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Rockland County Guardianship Lawyer

As parents age, their children often take on a bigger and bigger role in their lives. Many adult children help their elderly parents with household chores, yard work, and getting to and from medical appointments. However, some elderly parents need a greater level of care. They may be unable to make sound medical decisions or keep up with paying the bills, handle daily living activities, or provide for their own safety. When an elderly parent is incapacitated by dementia, Alzheimer's disease, or other health conditions, his or her child may wish to become that parent’s legal guardian.

Guardianship of an Adult in New York

Being a legal guardian is a major responsibility. An “Article 81 guardianship” gives the guardian the authority to make decisions on behalf of the incapacitated person. According to New York law, guardianship of an adult is granted when:


Nyack guardianship lawyerAs a person reaches an advanced age, they may not always be able to fully manage their lives. Declining physical health can affect a person's ability to handle regular daily tasks such as preparing meals, housekeeping, and running errands. Some elderly people may also struggle to manage their financial affairs or make decisions about the best ways to use their assets to provide for themselves or their loved ones. These issues can affect other people as well, such as those who have suffered injuries or contracted illnesses that limit their physical or mental capabilities. In these situations, guardianship may be a way to ensure that someone else will be able to help manage a person's needs. However, a person may not be willing to completely give up control over their lives, and they and their loved ones may need to consider what options for guardianship may be available that will fit their situation.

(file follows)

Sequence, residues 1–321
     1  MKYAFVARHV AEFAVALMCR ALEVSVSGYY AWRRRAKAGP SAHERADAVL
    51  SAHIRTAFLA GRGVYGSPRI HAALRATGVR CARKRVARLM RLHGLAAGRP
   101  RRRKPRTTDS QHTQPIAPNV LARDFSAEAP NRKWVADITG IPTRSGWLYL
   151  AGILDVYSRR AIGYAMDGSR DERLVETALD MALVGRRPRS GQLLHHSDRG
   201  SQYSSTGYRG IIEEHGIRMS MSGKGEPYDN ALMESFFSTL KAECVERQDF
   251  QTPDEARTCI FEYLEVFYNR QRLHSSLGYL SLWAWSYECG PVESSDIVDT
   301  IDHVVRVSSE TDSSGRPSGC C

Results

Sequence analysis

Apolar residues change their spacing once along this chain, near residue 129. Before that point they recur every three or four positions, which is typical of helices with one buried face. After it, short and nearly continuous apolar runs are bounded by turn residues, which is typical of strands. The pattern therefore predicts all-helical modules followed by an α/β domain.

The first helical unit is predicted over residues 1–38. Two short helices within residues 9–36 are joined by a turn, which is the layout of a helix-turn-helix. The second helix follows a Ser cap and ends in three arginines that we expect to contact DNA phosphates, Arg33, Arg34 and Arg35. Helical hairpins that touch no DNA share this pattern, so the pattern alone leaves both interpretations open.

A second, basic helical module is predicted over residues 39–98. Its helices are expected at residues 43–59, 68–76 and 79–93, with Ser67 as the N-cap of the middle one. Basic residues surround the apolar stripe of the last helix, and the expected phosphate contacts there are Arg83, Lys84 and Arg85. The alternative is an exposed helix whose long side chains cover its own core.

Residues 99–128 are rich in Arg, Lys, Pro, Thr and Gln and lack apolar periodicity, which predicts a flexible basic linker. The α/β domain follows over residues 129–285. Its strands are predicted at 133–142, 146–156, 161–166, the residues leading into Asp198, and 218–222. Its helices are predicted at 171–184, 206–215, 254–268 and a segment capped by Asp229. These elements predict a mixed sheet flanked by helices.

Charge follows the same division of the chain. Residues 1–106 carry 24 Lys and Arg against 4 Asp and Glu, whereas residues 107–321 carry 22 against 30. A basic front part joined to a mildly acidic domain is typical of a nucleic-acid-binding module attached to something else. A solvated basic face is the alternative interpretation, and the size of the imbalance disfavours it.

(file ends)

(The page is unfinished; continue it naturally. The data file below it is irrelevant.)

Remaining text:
Adult Guardianship in New York

The laws regarding guardianship differ from state to state. Some states offer multiple options that range from formal guardianship, which provides a guardian with complete control of all of a person's decisions, to limited guardianship, which allows a person to make certain decisions for themselves. However, in New York, only one type of adult guardianship is generally recognized. This is known as "Article 81 guardianship," since it is addressed in Article 81 of the New York Mental Hygiene Law.

Under Article 81, guardianship for an adult may be appropriate if the person is considered to be incapacitated, meaning that, first, they are unable to fully care for their own needs or address issues related to their property, and, second, because of this incapacity, they are likely to suffer harm. If someone seeks to obtain guardianship over a loved one, they may file a petition in court. If the intended ward does not agree to the guardianship, a judge may choose to appoint a guardian if they determine that the person cannot care for themselves and does not fully understand the consequences that are likely to affect them due to physical or mental health issues.


Hudson Valley Area Adult Guardianship AttorneyThere are a variety of situations where family members may be concerned that a person is unable to fully meet their own needs. This may be an issue that a family will need to address when a loved one reaches an advanced age, or a person may be unable to care for themselves due to a serious injury or illness or a physical or intellectual disability. In these cases, another person may wish to establish guardianship for their loved one. When doing so, it is important to understand the procedures that will need to be followed and the requirements that will apply for a legal guardian.

When Is Adult Guardianship Appropriate?

A person may agree to have someone appointed as their legal guardian, or a family member or other party may file a petition in court asking to be appointed as the guardian of a person who is incapacitated. A person may be considered to be incapacitated if they are likely to suffer harm due to their inability to provide for their own personal needs and manage their property and finances, and they do not have the capacity to fully understand their lack of ability and the consequences that they may face because of these issues.